Wondering if you ever located a source for zinc countertops? I, too, am on the search - was first looking for pewter, but have only found one supplier - in Normandy France! 5X the cost of granite, before shipping and installation (gulp!) So now I'm on the hunt for zinc... seems to be very hard to come by in the NW, which is OK, if I can find a reliable source somewhere in the US.

Thank you!

Toni M [last name deleted by Editor due to age of posting]
- Portland, Oregon

Ed. note: Sorry that we can't be all things to all people, Toni, but we had to go back and remove all supplier names as we got buried under spam, had suppliers insulting other suppliers, sales people pretending to be satisfied customers, etc. This forum is essentially anonymous and allowing commercial benefit from self-serving postings in this age of spambots simply doesn't work ( huh? why?).
But some suppliers of zinc sheet who posters have mentioned, and which we will neither recommend nor dis-recommend are Belmont Metals, Brooks Custom, Columbia Metal Products, MetalTech USA, Mio Metals, Rapid Materials/Umicore, and Rotometals.

Q. I tried to find an answer to the various questions on how to distress a zinc metal countertop.

I am very interested in knowing how I can accomplish this myself. The Zinc sheet for countertops, etc. [affil links] is a blue grey currently. I want to distress/age it - very much so. I understand various acids, i.e. vinegar [in bulk on eBay or Amazon], etc. will do this.

I would like to know and would greatly appreciate any food-safe suggestions you may have.

Thank you,

Mona F [last name deleted by Editor due to age of posting]
Homeowner - Brampton, Ontario, CANADA

A. Mona: The blue-grey color, and some miscellaneous scratches that your zinc may suffer, probably already comprises the distressed look for zinc. You could try a strong solution of table salt & vinegar and see what darkness & mottling that adds, but zinc doesn't turn green or brown like, for example, copper or brass.

Ted Mooney,
Ted Mooney, P.E.
Striving to live Aloha - Pine Beach, New Jersey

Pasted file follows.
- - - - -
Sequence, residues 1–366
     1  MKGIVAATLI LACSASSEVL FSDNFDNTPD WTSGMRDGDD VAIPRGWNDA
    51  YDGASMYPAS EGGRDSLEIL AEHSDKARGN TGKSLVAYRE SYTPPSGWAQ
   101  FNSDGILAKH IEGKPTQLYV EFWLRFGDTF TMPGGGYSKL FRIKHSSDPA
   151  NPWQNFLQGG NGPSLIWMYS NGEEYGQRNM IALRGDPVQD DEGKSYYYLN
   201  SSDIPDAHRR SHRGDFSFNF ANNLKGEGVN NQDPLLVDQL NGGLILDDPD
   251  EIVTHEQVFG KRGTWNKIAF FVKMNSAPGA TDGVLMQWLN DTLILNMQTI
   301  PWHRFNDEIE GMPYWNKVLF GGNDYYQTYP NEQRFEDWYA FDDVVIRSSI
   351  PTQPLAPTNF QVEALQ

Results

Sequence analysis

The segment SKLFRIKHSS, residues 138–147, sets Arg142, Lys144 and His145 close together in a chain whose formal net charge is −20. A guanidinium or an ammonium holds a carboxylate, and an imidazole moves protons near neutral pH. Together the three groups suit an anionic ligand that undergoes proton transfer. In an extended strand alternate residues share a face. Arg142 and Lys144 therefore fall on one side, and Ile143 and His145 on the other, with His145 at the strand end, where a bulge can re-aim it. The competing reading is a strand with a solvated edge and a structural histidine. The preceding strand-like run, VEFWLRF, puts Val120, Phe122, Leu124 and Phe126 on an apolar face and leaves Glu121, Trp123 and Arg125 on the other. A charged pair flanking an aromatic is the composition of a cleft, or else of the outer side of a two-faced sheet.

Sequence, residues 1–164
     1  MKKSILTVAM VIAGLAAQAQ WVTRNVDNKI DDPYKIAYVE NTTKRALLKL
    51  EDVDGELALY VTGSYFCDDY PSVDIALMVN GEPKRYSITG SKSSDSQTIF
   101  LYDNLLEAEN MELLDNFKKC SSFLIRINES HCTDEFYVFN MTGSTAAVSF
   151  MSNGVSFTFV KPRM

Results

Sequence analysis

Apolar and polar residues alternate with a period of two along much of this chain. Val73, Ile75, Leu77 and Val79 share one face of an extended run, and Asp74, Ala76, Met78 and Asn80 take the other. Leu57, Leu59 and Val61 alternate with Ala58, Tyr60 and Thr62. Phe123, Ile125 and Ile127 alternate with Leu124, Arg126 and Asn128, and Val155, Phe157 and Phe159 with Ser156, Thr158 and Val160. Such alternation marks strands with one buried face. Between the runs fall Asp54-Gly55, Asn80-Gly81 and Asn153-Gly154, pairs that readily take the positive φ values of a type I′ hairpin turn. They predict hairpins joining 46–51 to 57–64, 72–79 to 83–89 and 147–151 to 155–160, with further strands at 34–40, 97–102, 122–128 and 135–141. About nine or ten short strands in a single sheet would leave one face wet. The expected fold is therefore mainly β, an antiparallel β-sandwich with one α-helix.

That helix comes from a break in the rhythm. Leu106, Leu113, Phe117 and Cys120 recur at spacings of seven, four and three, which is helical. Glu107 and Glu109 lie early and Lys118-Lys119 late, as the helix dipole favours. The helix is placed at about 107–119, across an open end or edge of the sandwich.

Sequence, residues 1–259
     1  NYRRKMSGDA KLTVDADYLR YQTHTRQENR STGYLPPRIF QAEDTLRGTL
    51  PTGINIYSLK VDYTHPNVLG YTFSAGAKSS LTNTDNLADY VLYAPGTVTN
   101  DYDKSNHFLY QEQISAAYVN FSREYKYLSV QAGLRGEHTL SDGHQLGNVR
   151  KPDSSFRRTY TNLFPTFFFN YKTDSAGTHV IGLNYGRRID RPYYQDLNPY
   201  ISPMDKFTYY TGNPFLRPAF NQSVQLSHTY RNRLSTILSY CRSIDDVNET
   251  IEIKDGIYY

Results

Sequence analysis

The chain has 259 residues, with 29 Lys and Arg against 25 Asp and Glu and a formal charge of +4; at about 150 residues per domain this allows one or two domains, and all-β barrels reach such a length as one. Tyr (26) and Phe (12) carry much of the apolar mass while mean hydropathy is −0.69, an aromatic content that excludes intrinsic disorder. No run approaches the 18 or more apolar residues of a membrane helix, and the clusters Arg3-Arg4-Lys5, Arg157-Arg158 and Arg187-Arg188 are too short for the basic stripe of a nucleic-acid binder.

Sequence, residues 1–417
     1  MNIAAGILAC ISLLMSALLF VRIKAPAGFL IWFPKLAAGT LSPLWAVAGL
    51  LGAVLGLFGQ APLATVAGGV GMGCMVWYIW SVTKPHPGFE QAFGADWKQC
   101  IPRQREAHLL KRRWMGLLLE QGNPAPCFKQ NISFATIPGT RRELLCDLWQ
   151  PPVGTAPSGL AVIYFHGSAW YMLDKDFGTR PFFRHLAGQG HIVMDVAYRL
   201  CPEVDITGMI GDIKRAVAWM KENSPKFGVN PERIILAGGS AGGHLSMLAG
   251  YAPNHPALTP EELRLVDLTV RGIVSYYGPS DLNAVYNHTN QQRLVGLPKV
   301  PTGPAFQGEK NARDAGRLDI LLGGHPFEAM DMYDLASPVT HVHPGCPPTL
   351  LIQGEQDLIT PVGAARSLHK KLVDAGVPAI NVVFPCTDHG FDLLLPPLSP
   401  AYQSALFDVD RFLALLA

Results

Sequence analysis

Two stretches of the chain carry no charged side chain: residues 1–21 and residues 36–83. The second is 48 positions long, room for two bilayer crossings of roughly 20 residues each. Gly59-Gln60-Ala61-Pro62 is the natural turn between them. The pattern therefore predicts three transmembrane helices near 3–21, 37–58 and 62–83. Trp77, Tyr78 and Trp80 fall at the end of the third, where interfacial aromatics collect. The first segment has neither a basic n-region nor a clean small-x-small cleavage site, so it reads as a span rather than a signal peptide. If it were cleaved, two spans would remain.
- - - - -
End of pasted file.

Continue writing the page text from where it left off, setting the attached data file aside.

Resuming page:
A. Through experimenting on a piece of zinc for a countertop, using different types of food-safe acids, i.e., vinegar, lemon, I have so far found, tomatoes (from a can) to be the most distressing.

Mona F [returning]
- Brampton, Ontario, CANADA

thumbs up signI have installed solid zinc benchtops in my period home in France and it looks fantastic. Be aware that zinc tops are a 'working' surface it will be effected by various foods (acids and alkalis) causing light and dark discolourations - I personally love this characteristic as the hues are usually rich and the look changes constantly. You can however periodically buff the surface back with a buffer or very light graphite paper if you want to get it back to a uniform finish or apply a metal sealer if you don't want the finish to change.

The treatment or aging of zinc is called patination. The zinc reacts to various chemicals. You can artificially age the zinc with different effects depending on the chemical and pattern of sanding / buffing and application of the chemical. The effect I used on my benches was achieved with copper sulphate [on eBay or Amazon](you can usually buy it from a chemist) which give the zinc a rich dark patina (the more you use the darker it is) - just buff it in with small circles - and if you don't like the effect you can always buff back and try again.

Olin Breen
- Toulouse France
November 20, 2011

! You can make your own zinc countertops. There are several sources of Zinc sheet for countertops, etc. [affil links] on the Internet. My wife and I made our own huge zinc-covered kitchen island and backsplashes. Make the substrate from MDF or particleboard like you would for any laminate. Cut the zinc sheet to approximate size by scoring with a utility knife [affil links] like you would laminate or use shears for little pieces. Glue it with contact cement [affil links], same as for laminate and roll it down really good with a j-roller [affil links]. The edges are then trimmed with your router and a laminate blade. This makes a big mess just like laminate! Soldering is tricky but the supplier sells zinc solder [on eBay or Amazon] and zinc flux [on eBay or Amazon] . You will need to use a really big soldering iron! Use a sander to grind the welds, to remove the mill oxide and to achieve the level of finish you want.